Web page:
Ireland E-Cig Laws Move Towards In-Door Vaping Ban and New Regulations
Ireland, which became one of the first countries in the world to institute a national in-door smoking ban over a decade ago, has been fairly tolerant of e-cigarettes and other tobacco alternatives. When questions about who should regulate e-cigs have arisen, Irish health officials have deferred to trade officials, and trade officials have deferred to health officials, which means nothing gets done. This situation may quickly change, however, as Ireland toughens its e-cig laws in anticipation of the European Union’s Tobacco Products Directive, or TPD.
Until recently, e-cig users in Ireland could vape wherever they wanted. In January of 2015, following implementation of a ban on e-cigs in healthcare facilities, the Irish parliament proposed legislation that would ban the products in bars, workplaces and restaurants. Currently, property owners have discretion to allow or prohibit vaping on their premises. The new law would also restrict the sale of tobacco alternatives to consumers over 18-years-old, and it would extend all advertising restrictions that currently apply to tobacco to cover e-cigs as well. Following the example of many other European countries, the new law would require e-cig makers to obtain a medical license to market their products. Meanwhile, the E.U. TPD is currently tied up in court, but its current language would mandate additional heath warning labels and limit, amongst others, such things as levels of nicotine and the size of refill cartridges.
Proponents of the new proposal include professor John Crown, a cancer specialist and Irish senator. Crown has admitted publicly that he thinks e-cigs are a safer alternative to tobacco cigarettes, but is quick to tout concerns about the chemicals contained in e-liquids. While a study in the U.S. recently found that chemical emissions in some e-cigs were not substantial enough to harm users or bystanders, Crown has a valid point in that the lack of industry standards prevent extrapolating findings from small scale studies to make large-scale decisions. If the new proposal becomes law, the Irish Health Service Executive will be tasked with monitoring ongoing research on e-cigs and making recommendations to adjust law accordingly.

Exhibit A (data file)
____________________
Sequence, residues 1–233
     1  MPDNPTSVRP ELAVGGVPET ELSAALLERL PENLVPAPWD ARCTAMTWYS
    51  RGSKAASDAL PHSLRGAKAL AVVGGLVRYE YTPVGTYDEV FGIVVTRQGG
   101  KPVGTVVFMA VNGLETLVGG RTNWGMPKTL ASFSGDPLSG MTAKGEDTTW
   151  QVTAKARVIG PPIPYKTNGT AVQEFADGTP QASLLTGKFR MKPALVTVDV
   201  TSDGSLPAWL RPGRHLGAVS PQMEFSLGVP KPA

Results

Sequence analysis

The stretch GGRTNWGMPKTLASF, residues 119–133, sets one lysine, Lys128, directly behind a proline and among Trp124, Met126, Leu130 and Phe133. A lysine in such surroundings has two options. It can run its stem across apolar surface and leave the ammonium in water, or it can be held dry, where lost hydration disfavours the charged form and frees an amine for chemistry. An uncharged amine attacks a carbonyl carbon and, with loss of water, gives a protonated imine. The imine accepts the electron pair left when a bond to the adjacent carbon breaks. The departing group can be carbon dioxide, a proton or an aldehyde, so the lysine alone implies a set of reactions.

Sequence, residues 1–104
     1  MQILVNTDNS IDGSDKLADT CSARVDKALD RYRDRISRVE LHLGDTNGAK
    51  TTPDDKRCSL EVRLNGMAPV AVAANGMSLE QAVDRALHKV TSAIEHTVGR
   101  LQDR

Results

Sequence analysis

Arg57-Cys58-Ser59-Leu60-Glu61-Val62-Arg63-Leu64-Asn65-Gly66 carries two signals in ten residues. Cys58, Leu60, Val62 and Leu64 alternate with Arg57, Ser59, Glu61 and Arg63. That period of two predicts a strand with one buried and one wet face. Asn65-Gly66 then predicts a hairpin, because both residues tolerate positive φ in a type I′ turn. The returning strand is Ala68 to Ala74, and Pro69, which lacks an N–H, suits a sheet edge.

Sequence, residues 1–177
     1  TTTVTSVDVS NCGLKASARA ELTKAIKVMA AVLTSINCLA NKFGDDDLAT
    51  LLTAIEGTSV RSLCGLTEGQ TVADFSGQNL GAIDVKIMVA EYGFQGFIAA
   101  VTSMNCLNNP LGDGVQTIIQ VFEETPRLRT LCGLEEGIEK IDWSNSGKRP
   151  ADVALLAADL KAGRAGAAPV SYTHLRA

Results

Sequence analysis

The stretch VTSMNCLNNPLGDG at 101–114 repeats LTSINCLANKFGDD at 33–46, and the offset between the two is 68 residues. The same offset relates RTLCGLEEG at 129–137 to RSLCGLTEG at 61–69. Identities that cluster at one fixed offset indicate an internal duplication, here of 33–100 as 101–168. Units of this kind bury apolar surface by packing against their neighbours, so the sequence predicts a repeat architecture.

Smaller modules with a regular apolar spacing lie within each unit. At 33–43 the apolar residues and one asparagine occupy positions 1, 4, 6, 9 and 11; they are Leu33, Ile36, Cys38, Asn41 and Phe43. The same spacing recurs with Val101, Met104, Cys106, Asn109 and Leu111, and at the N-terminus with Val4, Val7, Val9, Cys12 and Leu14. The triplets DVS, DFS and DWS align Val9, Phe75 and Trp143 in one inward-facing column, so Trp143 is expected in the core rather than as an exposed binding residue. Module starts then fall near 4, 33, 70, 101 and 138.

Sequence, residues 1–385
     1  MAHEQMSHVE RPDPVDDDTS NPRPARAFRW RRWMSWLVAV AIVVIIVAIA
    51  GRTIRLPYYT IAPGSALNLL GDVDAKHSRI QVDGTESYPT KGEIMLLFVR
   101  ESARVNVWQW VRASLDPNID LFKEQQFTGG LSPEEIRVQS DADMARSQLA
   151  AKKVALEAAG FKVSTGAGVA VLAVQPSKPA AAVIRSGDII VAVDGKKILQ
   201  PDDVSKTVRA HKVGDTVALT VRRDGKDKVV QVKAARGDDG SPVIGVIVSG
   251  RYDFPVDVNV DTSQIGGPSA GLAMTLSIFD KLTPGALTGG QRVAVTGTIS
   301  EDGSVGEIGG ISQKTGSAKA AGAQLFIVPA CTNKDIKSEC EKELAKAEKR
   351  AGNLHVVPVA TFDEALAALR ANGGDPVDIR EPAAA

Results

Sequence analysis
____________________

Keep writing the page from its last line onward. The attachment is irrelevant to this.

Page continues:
However, each case should be evaluated on its own merits, and the Irish laws could have negative effects that lawmakers are ignoring.
Since indoor smoking was prohibited in 2004, the Vintners Federation of Ireland has reported that the average number of applications for new liquor licenses has dropped by about 1,300. John Mallon, a spokesperson for the smokers’ rights group Forest Eireann, told CNN, “In small villages, the pub was really the social center in the town, but that all came to a halt after the ban.” Mallon added that since e-cigs have come onto the scene, more people are returning to pubs. According to Mallon, “Having discovered how bad the smoking ban could be for business, pubs now positively encourage you to ‘vape’ away in the corner if you want to, or at the bar.” A ban on public vaping could deal another blow to the already struggling pub industry.
The Irish government has set a goal to reduce tobacco use to less than five percent of the population by 2025. They should be applauded for their tremendous efforts over the past decade, but they need to recognize the role e-cigs can play in reaching their goal. Requiring e-cig makers to obtain a medical license sets a high barrier for entry into the market, which gives vapers less alternatives to smoking. Restricting where e-cigs can be used decreases their appeal and will likely lead to less smokers making the switch. Fortunately, many medical licensing requirements imposed on e-cigs have been struck down by European courts, but the indoor ban seems almost inevitable. Ireland has demonstrated great temperance in regulating e-cigs so far, so hopefully the Irish Health Service Executive will deliver on their promise to keep monitoring e-cig research and adjust the new laws to reflect the current science.